Change rarely happens in the way conventional ideas suggest, individually or organizationally.

Despite all the pontificating that goes on about change and change management, the conventional image of how change works is badly flawed. If you want to make real changes—ones that stick—it’s time for a newer, more rational way to understand how change works.

The conventional view of change in the workplace pits a new, usually fragile idea for change against powerful forces totally committed to the status quo. Those pushing for change are, typically, a minority of individuals outside the ruling elite. They may have a compelling vision (at least in their eyes), but those opposing them have all the power.

This is why so many people give up on change. The contest appears so one-sided as to be hopeless from the start. “That’s a great idea,” they think. “It would be wonderful to see it happen, but there’s no way I could ever get it past the people in charge.”

In personal matters, too, change is pitted against entrenched forces of habit and apathy. People want to act differently, but they lose heart early on, discouraged by what seems to be an impossible task. It feels easier to resign yourself to the status quo than to take on something that is almost bound to fail.

But do you need permission?

This conventional picture assumes that change cannot happen without either gaining permission from those most likely to dislike the whole idea, or sweeping them away forcibly. It’s a view with conflict built into it; conflict that can only be ended by the surrender or destruction of one of the sides.

What’s missing is any idea that change might prevail because people have changed their minds. That no permission will be needed because those who were in opposition have decided to join the group in favor of change.

When you consider historical changes, far more have come about in that way than by either violent revolution, or the willingness of those holding power to allow change to take place as a deliberate course of action.

The unstoppable power of a united movement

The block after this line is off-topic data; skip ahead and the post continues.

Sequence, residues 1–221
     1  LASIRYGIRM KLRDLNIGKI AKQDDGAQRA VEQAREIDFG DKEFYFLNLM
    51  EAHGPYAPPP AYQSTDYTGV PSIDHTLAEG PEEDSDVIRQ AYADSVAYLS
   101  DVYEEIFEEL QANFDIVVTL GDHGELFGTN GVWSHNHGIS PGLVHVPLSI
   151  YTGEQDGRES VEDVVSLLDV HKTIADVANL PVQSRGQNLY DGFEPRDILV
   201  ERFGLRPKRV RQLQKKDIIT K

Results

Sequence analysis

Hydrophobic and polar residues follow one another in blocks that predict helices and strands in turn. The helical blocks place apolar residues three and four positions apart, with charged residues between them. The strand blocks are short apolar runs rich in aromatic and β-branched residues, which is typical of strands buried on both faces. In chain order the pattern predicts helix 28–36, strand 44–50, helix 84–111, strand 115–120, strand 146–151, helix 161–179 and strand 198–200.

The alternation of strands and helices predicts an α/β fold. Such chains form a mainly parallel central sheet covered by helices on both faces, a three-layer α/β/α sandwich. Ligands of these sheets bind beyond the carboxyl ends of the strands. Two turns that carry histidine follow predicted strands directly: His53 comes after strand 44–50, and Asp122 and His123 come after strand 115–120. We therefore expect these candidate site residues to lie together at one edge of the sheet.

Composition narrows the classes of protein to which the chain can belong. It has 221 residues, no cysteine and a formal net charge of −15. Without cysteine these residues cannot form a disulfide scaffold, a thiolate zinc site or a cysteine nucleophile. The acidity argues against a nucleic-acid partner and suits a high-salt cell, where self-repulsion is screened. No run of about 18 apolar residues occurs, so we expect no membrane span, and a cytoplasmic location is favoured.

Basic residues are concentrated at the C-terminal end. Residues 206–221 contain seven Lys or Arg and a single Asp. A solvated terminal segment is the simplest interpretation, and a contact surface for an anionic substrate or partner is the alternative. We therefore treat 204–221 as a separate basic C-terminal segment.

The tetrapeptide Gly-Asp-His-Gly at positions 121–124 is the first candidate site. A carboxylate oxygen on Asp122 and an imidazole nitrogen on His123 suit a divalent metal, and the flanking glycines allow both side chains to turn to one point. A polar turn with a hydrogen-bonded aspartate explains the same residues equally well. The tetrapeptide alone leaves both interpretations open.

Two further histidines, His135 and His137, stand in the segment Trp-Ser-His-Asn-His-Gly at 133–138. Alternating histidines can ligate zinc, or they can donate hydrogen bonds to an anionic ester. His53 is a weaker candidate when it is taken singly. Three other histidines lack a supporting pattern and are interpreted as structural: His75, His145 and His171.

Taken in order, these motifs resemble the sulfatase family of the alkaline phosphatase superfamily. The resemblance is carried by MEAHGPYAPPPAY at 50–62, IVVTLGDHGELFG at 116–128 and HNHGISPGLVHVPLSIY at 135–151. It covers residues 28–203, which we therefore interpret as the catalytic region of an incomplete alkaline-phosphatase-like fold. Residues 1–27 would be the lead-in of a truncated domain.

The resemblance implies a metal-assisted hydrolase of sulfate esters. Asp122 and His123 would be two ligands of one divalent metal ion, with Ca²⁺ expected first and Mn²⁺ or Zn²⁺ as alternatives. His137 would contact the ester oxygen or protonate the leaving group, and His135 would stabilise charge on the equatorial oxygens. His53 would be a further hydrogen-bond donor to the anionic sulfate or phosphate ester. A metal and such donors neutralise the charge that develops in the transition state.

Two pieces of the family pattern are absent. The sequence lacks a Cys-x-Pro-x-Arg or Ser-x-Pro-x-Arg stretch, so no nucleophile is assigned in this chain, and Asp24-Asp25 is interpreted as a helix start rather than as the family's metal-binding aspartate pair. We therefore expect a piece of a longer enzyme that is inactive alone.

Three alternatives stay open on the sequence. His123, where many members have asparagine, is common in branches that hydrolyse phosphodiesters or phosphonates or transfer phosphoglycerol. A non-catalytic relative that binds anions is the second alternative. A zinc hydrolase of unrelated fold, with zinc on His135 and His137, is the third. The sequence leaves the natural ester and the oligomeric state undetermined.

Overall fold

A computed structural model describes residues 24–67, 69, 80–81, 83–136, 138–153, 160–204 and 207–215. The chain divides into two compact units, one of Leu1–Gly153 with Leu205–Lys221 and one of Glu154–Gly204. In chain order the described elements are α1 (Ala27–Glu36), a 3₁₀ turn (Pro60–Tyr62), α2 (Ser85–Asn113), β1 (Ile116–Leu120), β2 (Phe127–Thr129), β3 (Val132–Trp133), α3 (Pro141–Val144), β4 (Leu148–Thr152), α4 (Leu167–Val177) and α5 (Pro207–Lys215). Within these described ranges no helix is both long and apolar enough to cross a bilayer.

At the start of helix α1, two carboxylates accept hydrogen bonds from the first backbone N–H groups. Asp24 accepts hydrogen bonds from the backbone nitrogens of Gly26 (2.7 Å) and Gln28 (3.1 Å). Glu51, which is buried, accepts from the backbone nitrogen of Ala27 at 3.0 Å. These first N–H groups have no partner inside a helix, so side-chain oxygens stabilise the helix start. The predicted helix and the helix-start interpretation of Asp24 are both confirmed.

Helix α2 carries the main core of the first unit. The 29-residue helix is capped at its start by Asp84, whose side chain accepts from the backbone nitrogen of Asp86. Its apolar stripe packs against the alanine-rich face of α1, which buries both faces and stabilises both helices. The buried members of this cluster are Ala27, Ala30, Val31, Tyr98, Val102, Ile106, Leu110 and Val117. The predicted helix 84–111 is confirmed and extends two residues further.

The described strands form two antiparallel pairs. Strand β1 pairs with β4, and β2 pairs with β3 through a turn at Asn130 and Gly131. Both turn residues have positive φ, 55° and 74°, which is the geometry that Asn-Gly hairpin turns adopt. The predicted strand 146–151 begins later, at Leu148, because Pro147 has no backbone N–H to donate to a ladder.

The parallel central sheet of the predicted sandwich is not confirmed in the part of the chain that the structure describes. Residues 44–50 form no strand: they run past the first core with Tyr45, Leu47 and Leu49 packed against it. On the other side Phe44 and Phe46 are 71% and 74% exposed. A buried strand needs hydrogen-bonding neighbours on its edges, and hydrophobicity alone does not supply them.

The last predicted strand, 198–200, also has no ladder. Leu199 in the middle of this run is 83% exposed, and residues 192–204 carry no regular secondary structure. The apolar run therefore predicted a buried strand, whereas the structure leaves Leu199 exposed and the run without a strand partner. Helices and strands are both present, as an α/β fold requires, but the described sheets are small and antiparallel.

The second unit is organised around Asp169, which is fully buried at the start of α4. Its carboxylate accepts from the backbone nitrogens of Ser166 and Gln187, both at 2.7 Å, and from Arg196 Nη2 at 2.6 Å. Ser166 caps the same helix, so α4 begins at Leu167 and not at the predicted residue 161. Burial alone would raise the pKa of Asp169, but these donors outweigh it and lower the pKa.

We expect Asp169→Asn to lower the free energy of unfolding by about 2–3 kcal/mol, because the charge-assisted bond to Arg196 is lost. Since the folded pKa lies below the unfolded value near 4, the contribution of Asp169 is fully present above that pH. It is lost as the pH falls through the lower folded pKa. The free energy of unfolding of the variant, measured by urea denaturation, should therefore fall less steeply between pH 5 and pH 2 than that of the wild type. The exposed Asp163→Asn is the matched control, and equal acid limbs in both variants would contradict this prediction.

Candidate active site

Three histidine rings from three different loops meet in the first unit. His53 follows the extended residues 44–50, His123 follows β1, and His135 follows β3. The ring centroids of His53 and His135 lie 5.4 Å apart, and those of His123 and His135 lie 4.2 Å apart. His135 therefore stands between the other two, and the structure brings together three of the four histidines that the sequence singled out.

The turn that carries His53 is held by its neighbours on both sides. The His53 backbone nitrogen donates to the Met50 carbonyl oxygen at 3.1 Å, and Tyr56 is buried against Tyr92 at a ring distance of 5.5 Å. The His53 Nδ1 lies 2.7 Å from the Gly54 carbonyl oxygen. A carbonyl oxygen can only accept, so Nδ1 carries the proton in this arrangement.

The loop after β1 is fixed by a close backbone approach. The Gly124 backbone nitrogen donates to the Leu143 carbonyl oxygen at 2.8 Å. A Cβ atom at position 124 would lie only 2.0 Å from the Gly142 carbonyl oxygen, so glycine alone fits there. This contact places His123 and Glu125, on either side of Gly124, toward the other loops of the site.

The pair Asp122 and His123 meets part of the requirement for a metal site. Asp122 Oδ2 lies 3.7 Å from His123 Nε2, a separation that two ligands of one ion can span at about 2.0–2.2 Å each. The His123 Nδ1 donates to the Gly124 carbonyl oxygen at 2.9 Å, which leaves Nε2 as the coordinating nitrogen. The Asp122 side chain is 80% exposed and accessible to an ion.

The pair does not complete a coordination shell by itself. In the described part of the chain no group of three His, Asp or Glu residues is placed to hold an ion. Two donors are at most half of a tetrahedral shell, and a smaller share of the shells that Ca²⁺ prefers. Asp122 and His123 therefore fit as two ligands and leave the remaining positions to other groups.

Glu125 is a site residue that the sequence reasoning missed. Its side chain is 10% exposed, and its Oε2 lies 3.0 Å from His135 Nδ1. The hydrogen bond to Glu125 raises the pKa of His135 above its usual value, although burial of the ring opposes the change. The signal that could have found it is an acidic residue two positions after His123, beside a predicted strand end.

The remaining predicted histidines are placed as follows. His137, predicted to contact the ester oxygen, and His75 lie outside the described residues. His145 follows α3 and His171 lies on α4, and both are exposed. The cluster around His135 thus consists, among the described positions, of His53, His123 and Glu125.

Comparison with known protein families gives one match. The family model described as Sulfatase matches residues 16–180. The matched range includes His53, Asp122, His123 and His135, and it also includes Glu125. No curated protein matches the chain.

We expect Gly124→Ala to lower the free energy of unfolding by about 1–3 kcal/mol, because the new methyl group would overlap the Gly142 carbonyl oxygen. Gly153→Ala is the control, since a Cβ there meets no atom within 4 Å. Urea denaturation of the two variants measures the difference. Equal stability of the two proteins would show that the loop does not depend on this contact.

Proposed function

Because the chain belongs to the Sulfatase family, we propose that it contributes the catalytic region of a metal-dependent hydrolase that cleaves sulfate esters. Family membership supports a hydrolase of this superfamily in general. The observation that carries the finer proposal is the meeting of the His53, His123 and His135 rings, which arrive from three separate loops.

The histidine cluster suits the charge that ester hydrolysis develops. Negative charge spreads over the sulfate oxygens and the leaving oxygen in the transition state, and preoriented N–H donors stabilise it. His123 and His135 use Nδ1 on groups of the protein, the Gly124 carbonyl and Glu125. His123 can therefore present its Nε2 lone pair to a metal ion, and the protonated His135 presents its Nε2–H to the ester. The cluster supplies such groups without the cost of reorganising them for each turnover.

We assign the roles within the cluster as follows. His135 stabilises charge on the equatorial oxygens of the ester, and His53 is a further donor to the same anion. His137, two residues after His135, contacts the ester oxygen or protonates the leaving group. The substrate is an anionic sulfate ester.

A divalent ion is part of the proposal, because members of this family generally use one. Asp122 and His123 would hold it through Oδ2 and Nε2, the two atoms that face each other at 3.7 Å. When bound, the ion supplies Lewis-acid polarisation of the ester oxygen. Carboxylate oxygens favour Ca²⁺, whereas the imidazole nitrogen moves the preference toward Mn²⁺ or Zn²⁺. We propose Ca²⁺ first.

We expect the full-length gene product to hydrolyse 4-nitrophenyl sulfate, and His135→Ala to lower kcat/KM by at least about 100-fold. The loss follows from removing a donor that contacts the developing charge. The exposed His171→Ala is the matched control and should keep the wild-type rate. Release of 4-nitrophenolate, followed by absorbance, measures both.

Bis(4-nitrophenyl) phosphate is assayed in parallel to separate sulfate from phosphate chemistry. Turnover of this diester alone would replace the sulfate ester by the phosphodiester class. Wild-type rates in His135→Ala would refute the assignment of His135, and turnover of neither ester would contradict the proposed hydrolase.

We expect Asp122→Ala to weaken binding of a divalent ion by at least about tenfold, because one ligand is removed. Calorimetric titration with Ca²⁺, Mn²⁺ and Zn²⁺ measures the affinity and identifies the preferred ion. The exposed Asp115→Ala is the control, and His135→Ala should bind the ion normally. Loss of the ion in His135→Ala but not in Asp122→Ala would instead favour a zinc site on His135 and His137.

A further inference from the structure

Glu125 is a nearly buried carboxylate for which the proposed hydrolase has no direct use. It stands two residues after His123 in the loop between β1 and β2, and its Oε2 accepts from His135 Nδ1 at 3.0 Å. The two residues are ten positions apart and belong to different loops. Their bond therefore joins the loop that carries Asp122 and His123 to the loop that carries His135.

Organizational change usually happens via a quite different route: the route of a movement with a specific end in view. It works like this:

  • One or more individuals reach the view that change is needed.
  • They discover like-minded people and start to group together for support in thinking their ideas through.
  • As more and more people get involved, it becomes natural to want to translate these ideas into action. A pressure group is formed.
  • The pressure group publicizes its views widely. If those ideas are taken up, they start to become accepted as obvious and natural.
  • Those committed to the status quo feel out-of-step with the majority. Far from being the ones with all the power, they now face an increasing sense of dissonance and vulnerability.
  • To regain their former feelings of security and strength, those in charge shift their position to align with the majority. The change has become the new norm.

You can already see how attitudes on global warming, for example, are shifting as the ruling elite move from denying it, to opposing any change, to getting on the band-wagon.

A pattern for individual changes

At the individual level, a similar process happens:

  • Someone gets caught up in an idea and finds others who already share it or can be persuaded to do so.
  • Together, these people reinforce one another’s attachment to the idea and provide mutual support.
  • The individual’s current lifestyle starts to feel increasingly out of alignment with the ideas that are current in the group.
  • To lessen the dissonance, that individual starts to make significant lifestyle changes. When these are approved by the group, they are reinforced.
  • In time, the changed lifestyle becomes the norm.

The power of shared ideas

What is driving change in both these situations—individual and organizational—is the power of shared ideas. Unlike direct demands for specific change, which can usually be beaten down by the use of power, ideas slip around the barriers.

At the start, they seem too weak to be worth trying to squash. Later, they take such a hold on people’s minds that it becomes impossible to drive them out. They even spread in secret, if overt opposition is too dictatorial to allow them free expression.

How can you crush an idea? How can you force people not to think it or pass it to others? How can you stop it spreading, even if you have all the means of institutional power at your disposal?

Nothing is quite as powerful as an idea whose time has come. For individuals too, the power of an idea that seizes your mind is almost unstoppable. It can change your life in a moment, even altering habits that you may have struggled with for years.

The message is clear: to make real organizational change you first need an idea that can grip enough people to start a movement. In your own life, you need an idea powerful enough to seize your mind, plus a support group who come to share that idea. Once that has happened, it is just a matter of waiting while enough momentum builds up to make the current ruling elite (or your existing habits) experience such unsettling dissonance that they have to change to resolve it.

That’s how change works best. Of course, it takes time . . . but nothing worthwhile ever really happened in a flash, whatever people tell you.

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